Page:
People who are suffering from burnout become disengaged from tasks, people, and their environment. Their emotions are blunted and will feeling overwhelmingly hopeless and helpless. They have zero motivation to keep going and feel there is simple no point in doing what they are doing.  

What symptoms to look out for? 


Do they seem to be disengaging with their work and colleagues? Is there a disconnect from the team and their surroundings?  


Chronic stress and burnout can lead to further issues both in terms of mental health and also physical health. This will lead to more frequent time off due to sickness. 


The feeling of hopelessness can lead to being more irritable along with heightened anger due to the isolation they are subjected to. 

An increase in accidents 

Concentration levels are diminished, and the inability to pay attention can lead to a greater number of accidents occurring. Exhaustion and issues with sleeping are also a contributing factor to more accidents. 


If left untreated and unacknowledged, burnout leads to more complex and serious mental health conditions such as depression. Symptoms of depression include:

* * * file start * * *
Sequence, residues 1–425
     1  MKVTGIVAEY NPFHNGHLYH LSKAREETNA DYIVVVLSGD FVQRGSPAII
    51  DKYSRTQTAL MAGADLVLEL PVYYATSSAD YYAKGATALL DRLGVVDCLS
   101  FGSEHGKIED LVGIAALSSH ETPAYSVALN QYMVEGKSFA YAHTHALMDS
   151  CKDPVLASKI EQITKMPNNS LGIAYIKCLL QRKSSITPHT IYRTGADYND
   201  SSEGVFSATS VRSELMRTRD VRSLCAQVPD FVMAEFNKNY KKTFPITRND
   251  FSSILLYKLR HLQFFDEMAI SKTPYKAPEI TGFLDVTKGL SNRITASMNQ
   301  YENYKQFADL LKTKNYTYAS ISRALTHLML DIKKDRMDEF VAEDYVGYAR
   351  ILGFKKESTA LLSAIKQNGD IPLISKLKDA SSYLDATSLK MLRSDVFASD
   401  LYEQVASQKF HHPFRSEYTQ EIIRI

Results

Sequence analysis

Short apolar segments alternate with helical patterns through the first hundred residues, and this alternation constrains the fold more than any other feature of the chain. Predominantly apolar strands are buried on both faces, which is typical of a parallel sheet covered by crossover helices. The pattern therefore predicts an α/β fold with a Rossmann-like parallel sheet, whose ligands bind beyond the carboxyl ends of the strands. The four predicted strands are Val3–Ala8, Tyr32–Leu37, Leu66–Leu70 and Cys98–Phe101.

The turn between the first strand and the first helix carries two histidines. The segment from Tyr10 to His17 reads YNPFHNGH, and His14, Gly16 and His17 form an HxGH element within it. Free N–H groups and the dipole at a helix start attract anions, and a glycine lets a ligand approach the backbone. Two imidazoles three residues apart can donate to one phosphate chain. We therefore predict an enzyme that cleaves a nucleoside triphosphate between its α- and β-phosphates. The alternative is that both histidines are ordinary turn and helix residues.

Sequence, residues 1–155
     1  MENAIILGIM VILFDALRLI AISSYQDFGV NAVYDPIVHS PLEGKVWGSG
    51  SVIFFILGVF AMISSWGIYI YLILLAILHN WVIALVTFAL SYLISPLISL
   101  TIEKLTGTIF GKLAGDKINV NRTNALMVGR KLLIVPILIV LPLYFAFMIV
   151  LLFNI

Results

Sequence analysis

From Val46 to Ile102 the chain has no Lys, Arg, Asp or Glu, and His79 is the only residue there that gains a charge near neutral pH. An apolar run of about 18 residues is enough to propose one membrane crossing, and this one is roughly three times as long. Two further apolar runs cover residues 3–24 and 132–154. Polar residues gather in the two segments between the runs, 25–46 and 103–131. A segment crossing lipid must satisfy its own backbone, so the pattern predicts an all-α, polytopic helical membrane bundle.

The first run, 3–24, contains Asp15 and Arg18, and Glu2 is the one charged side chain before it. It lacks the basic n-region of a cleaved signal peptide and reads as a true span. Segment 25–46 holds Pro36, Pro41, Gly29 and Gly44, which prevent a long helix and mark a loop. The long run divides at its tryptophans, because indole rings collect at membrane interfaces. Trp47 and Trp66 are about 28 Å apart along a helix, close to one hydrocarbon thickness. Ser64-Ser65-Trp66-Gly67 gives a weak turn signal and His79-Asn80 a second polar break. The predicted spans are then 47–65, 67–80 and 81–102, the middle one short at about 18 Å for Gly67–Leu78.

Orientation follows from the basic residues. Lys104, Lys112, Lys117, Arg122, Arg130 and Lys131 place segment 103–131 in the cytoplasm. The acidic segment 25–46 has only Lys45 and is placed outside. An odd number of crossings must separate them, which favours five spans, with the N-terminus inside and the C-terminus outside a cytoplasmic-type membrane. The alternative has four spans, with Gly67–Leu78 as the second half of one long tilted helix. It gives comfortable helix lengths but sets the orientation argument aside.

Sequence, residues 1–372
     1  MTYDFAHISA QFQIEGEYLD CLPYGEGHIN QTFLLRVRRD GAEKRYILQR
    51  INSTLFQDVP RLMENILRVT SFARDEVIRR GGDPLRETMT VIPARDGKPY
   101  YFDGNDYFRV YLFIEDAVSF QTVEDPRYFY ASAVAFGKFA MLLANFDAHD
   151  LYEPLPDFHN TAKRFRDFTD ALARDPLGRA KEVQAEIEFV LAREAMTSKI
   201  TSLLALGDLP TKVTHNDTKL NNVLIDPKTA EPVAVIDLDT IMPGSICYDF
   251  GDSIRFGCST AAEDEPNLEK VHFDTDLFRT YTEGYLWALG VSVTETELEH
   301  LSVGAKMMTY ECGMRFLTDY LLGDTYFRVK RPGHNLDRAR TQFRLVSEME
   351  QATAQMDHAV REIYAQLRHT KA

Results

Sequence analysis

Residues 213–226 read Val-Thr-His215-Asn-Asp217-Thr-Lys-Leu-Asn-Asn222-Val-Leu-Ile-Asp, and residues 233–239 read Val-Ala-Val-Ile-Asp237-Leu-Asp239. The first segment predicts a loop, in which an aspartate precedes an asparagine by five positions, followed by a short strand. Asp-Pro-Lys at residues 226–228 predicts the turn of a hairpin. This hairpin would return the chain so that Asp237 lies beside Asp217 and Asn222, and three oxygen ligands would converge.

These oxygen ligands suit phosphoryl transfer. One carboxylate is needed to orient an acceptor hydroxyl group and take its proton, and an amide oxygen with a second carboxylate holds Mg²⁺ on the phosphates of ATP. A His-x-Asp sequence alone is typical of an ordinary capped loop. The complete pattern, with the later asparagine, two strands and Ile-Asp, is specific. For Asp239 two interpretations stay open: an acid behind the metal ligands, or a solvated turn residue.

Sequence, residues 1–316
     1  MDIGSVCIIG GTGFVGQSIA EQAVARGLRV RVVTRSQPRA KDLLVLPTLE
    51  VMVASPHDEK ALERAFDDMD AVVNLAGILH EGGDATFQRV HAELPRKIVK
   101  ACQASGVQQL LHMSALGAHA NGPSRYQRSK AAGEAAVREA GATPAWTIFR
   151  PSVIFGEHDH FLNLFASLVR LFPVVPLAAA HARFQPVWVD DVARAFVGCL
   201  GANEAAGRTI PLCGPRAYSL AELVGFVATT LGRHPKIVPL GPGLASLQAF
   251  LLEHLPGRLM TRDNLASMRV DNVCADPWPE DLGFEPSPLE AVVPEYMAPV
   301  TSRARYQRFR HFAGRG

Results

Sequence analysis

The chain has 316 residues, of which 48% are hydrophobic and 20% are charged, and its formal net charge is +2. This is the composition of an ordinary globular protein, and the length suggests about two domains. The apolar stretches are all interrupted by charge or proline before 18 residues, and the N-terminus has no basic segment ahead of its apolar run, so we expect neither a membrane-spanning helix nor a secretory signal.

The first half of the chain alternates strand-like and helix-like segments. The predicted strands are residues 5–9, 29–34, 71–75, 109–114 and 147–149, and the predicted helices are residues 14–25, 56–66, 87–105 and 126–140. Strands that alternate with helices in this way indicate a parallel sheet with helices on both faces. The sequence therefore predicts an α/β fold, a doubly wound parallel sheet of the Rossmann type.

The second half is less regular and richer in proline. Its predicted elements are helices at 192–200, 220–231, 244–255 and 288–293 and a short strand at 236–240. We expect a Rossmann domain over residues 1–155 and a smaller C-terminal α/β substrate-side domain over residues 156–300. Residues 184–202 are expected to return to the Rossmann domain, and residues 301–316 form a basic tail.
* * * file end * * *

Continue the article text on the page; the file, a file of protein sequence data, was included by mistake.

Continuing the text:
• Concentration and memory issues 
  • Fatigue 
  • Feelings of guilt  
  • Pessimism and hopelessness 
  • Sleeping too much or too little 
  • Irritability 
  • Restlessness 
  • Loss of interest in hobbies 
  • Overeating, or appetite loss 
  • Aches, pains, headaches, or cramps that won’t go away 
  • Digestive problems that don’t get better, even with treatment 
  • Persistent sad, anxious, or “empty” feelings 
  • Suicidal thoughts or suicide attempts 

No two people are the same and symptoms may vary so these are just a few pointers and bits of information to watch out for.  

What is the cause of burnout? 

Unlike stress, which can be as a result of anything from family life, to work to situations, or events that are happening; burnout is predominantly work or school related for students. And this comes as a result of excessive and chronic stress within the workplace or college and of course work overload so too much work. Being unable to carry out all of the tasks within the time frame expected. Other factors that can also affect burnout are being put under excessive pressure, big changes within a company, not having any control over outcomes and situations within the workplace and feeling overwhelmed with responsibilities.